How Lance Armstrong’s Wall Fell, One Rider at a Time – NYTimes.com

This isn’t a story about diplomacy or international affairs.  Its a morality tale of Shakespearean dimensions and a reminder when we discuss the ethics of states or policy among nations that one of the most complex and unknowable areas is within ourselves.  A heart wrenching tale of deception, coercion, and failure–masked by winning, success, and achievement:

“Lance Armstrong never came up,” Messick said in an interview last week. “But he did make a comment on the Mafia. He said, When you’re in the Mafia and you get caught and go to jail, you keep your mouth shut, and the organization takes care of your family. In cycling, you’re expected to keep your mouth shut when you test positive, but you become an outcast. Everyone just turns their back on you.”

Antidoping officials on multiple continents had pursued Armstrong for years, in often quixotic efforts that died at the wall of silence his loyal teammates built around him as the sport’s global king. Armstrong kept the dark side of his athletic success quiet, investigators and cyclists said, by using guile and arm-twisting tactics that put fear in those who might cross him.

via How Lance Armstrong’s Wall Fell, One Rider at a Time – NYTimes.com.

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11 thoughts on “How Lance Armstrong’s Wall Fell, One Rider at a Time – NYTimes.com

  1. Leah Copeland says:

    Lance Armstrong and his team were a corrupt set of individuals determined to win. Breaking rules and pushing the limits of deception worked for a long time. This complicated ring of doping, secrecy, and mutual trust led Armstrong and his teammates to successes seemingly unrreal. Armstrong also used his success as a platform for the Livestrong cancer charity.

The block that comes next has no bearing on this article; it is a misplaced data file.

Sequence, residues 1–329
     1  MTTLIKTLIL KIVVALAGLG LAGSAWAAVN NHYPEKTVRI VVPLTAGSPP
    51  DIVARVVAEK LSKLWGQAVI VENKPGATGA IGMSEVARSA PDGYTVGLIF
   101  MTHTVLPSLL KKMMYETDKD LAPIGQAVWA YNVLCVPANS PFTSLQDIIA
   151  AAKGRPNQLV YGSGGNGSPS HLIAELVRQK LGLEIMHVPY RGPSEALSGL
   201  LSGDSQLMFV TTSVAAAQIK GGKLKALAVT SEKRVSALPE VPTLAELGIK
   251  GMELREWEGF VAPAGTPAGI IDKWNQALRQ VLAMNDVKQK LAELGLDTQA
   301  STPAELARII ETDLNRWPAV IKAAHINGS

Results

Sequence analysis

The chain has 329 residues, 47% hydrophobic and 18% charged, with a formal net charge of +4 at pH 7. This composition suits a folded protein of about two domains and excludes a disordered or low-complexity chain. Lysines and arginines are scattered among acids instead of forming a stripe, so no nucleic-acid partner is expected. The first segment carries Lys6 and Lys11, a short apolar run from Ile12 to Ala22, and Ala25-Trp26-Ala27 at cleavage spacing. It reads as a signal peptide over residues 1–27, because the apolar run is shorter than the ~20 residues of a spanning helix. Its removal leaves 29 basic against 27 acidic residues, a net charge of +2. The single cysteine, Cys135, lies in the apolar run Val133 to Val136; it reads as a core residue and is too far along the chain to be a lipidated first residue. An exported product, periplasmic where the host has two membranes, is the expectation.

This is all unfortunate. An American icon has fallen, debatable in the largest sports scandal to date. There are many things we can learn from his mistakes, though. Firstly, we must follow the rules. As Church members we understand what is right and wrong as well as the importance of helping others make good choices. The difficulty comes when the rewards are great, the bad choice is easy to make, and support from an entire team ready to help cover up is available. In all areas of life, we must conciously work to affect those around us positively and make them want to make good choices. This is easier said then done but the payoff, although distant, is great.

    http://www.cnn.com/2012/10/22/sport/lance-armstrong-profile-cycling-usada/

  2. SS Mughal says:

    It’s very sad to think that an accomplished cyclist many people looked up to had such a dark side to his achievements. At the same time, his story reminds us that in the long run, cheaters don’t win. This sad event can be tied to many aspects of our lives, whether it’s sports, school, or even relationships. Lance Armstrong is already feeling the repercussions of his poor choices–he’s lost his seven Tour de France titles, multiple companies that once proudly sponsored him have turned away from him, and he’s lost a lot of respect internationally. To make matters even worse, he was hailed as an accomplished person not only for his cycling abilities, but for overcoming cancer. Many, many people are upset about Armstrong’s choices, but hopefully we can all remember that in the end, honesty is the best policy.

    Here’s an article about the latest challenge Armstrong is facing after his poor decision: http://www.csmonitor.com/USA/Latest-News-Wires/2012/1022/Company-that-paid-Lance-Armstrong-s-winnings-wants-money-back-video